How we use Elasticsearch

At Bigcommerce, we’ve recently migrated our search infrastructure from MySQL full-text indices to Elasticsearch.

Running searches using MySQL full-text indices would take a long time on large stores and occasionally cause web requests to time out. Because full-text indices aren’t scalable, we saw instances where searches on stores with 1M products could take 20+ seconds. The queries also put enormous load on our database cluster.

In addition, we found that the accuracy of our MySQL full-text searches were not consistent and users would often see irrelevant search results.

Storing data in Elasticsearch

We chose not to use Elasticsearch as the primary source of truth for our data for several reasons— it is possible for Elasticsearch to lose writes, it doesn’t support transactions, and updates to indexed documents are not always available immediately.

To keep MySQL and Elasticsearch in sync we implemented an observer pattern. The indexing code subscribes to create, update and delete events for all entities that we want to push to Elasticsearch (products, variants, categories, brands) and triggers an async jobs to index the data. 

This pattern allows us to completely decouple the indexing code from our database models. The async job is simply a Resque job running the code responsible for indexing.

Retrieving the data

When a customer searches a store’s catalog, our Elasticsearch cluster is queried for matching product IDs. These IDs are then used to retrieve full records from MySQL, our primary source of truth. MySQL may not be the best for full-text searching but it works very well when it comes to retrieving records by their primary keys. Combining Elasticsearch with MySQL for search is a good compromise for getting relevant, fast and accurate results.

Since we were not using Elasticsearch as the primary source of truth, we decided only to store properties that would be useful for searches.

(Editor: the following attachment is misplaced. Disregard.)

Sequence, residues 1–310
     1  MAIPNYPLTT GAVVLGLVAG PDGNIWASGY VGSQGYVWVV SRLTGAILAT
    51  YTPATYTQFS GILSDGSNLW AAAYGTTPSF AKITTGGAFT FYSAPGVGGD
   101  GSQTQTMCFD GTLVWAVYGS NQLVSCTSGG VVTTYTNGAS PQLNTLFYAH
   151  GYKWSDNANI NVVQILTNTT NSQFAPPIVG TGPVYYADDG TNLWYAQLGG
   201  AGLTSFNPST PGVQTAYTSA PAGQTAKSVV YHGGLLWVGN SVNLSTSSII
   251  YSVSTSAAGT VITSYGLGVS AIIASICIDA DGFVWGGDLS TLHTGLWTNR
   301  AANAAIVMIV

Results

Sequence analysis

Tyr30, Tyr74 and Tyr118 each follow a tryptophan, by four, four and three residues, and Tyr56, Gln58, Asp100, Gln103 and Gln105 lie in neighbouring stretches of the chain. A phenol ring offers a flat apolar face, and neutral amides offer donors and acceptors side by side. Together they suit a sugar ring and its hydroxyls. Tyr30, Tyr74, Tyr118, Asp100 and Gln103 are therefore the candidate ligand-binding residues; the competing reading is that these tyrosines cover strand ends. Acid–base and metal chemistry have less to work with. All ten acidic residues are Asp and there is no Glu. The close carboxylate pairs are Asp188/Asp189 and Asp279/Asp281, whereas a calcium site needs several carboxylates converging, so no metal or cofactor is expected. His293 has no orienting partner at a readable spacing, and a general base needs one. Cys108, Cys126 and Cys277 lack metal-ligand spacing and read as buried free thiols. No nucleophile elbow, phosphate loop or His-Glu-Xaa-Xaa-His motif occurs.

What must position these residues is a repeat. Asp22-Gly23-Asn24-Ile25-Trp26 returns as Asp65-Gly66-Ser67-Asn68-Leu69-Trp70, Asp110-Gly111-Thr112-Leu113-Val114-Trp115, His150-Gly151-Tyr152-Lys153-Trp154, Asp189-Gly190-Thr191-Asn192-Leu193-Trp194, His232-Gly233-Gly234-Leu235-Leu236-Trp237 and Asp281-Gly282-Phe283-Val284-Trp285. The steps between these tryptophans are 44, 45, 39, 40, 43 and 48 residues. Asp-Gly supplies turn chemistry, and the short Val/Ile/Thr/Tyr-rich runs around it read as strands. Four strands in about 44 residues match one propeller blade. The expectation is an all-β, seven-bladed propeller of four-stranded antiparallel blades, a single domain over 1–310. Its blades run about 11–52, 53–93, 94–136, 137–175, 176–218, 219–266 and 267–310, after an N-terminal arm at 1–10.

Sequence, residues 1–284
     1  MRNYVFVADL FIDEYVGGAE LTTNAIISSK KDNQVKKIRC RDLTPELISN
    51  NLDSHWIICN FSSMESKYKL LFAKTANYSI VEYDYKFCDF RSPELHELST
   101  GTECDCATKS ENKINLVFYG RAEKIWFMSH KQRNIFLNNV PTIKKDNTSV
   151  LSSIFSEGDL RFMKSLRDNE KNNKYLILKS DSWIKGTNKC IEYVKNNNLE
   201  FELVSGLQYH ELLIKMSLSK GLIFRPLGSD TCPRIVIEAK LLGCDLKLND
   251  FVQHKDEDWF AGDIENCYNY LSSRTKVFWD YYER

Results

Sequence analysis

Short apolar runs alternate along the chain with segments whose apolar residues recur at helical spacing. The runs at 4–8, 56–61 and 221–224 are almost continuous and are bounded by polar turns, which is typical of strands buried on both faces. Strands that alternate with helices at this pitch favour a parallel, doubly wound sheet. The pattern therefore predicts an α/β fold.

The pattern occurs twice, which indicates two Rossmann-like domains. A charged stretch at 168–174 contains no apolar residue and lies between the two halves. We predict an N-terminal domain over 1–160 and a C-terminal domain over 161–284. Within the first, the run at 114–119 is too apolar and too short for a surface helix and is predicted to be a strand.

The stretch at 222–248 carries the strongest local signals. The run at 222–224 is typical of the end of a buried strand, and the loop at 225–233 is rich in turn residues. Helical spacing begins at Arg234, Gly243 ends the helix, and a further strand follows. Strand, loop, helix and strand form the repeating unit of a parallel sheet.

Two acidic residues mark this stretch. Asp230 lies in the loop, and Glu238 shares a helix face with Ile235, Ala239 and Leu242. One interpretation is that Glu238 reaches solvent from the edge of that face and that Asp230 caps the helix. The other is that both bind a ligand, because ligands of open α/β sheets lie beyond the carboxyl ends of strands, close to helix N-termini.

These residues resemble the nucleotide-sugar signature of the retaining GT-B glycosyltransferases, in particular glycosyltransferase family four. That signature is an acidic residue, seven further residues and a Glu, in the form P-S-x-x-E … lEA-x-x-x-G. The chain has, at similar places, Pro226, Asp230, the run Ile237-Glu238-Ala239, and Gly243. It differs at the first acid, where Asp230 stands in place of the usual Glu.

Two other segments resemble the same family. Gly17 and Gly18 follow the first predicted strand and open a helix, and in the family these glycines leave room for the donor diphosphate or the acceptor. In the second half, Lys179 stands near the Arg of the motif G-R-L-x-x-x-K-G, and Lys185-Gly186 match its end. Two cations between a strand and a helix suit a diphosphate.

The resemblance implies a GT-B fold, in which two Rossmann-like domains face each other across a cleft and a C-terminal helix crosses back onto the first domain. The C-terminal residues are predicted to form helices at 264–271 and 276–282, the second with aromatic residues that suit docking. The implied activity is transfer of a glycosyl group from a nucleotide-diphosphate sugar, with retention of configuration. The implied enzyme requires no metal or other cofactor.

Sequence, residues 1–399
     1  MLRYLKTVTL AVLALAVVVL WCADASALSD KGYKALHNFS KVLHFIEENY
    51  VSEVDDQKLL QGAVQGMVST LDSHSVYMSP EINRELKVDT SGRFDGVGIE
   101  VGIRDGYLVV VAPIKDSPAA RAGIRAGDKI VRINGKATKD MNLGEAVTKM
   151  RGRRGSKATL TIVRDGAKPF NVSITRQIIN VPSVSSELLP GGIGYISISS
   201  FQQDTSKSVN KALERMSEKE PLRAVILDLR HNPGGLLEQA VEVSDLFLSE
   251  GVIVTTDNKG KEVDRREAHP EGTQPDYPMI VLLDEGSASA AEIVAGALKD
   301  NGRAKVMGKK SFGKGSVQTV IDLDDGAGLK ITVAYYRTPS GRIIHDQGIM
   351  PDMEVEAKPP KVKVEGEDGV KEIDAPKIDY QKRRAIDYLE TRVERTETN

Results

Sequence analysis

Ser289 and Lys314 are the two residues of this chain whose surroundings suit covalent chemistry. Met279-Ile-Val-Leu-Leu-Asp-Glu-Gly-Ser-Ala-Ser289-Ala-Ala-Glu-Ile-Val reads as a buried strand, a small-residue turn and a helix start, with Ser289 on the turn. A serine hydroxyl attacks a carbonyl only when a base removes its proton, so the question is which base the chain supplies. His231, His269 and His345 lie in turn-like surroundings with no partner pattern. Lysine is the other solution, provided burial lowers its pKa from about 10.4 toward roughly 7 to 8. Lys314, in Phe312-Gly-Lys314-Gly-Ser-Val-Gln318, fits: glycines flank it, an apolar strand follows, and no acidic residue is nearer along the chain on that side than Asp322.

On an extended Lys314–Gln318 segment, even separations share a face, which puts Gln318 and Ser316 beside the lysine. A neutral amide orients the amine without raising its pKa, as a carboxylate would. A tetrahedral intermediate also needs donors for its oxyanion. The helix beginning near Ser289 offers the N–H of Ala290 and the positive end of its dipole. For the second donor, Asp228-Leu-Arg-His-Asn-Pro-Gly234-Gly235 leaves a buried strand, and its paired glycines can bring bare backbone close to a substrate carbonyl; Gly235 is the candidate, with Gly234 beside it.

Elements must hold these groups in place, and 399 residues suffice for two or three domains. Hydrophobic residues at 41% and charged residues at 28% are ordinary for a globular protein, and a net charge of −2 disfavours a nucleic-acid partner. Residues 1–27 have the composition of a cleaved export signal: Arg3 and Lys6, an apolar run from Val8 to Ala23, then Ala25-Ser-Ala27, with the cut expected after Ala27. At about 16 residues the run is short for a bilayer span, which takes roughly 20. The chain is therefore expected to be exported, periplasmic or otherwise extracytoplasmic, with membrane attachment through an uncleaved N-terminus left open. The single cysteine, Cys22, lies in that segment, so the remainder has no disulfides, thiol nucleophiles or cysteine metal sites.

In Elasticsearch every shard is refreshed automatically once every second which means that it supports near real-time accuracy. Document changes are not visible to search immediately, but will become visible within one second.

Changing Elasticsearch Schema

Making schema changes in Elasticsearch can be problematic— data is not reindexed or analyzed when the when the schema is changed.

You have to first change the mapping (Elasticsearch DDL) and then reindex the documents belonging to that mapping. In some cases, it’s not even possible to change the mapping of a field (e.g., when changing a flat object into a nested object).

We needed the ability to change schema and reindex data without any downtime in case we wanted to make modifications to the index. When making incompatible schema changes, you have two options: delete the current index and reindex it or create a new index and reindex into it. 

This process is relatively fast when you only have a few hundred records, but if you’re dealing with hundred of thousands of records it can take hours, during which search would be missing data. 

To avoid this, we decided to reindex the data into a secondary index with the new schema while reading the data from the primary index with the old schema. We also have to deal with any modifications that happen during the reindexing process. Any changes made to records after they have been already reindexed would not be reflected in the new index since we’re still using the old index for all CRUD operations. To avoid that, we decided to dual write the data into two indices simultaneously during reindexing to ensure that both indices have the correct data while still reading from the primary one.

Once the reindexing process has been completed we need to point the codebase to the secondary index. Since there is no command to rename an index in the Elasticsearch API, the recommended way of renaming an index is to create an alias. An alias sits on top of an index and you point your requests to the alias instead of to the index directly. This gives you an extra layer of abstraction with the flexibility of quickly renaming your index on the fly. 

After the index schema has been changed and the reindexing process has has been completed, we simply change the alias to point to the new index by making an HTTP request to delete the old alias and create the new alias. This allows us to change which index the codebase is using without suffering any downtime.

Our Config

  • Cluster: 480 shards, 4 masters, 6 data nodes across two DCs

  • Size of our cluster: 500GB

  • Records stored: 250,000,000

50/50 split MySQL vs Elasticsearch, MySQL was having big trouble when there was a spike whereas Elasticsearch was able to handle it without any problems.

Historical data of MySQL performance, very volatile, whereas Elasticsearch is stable and nearly constant.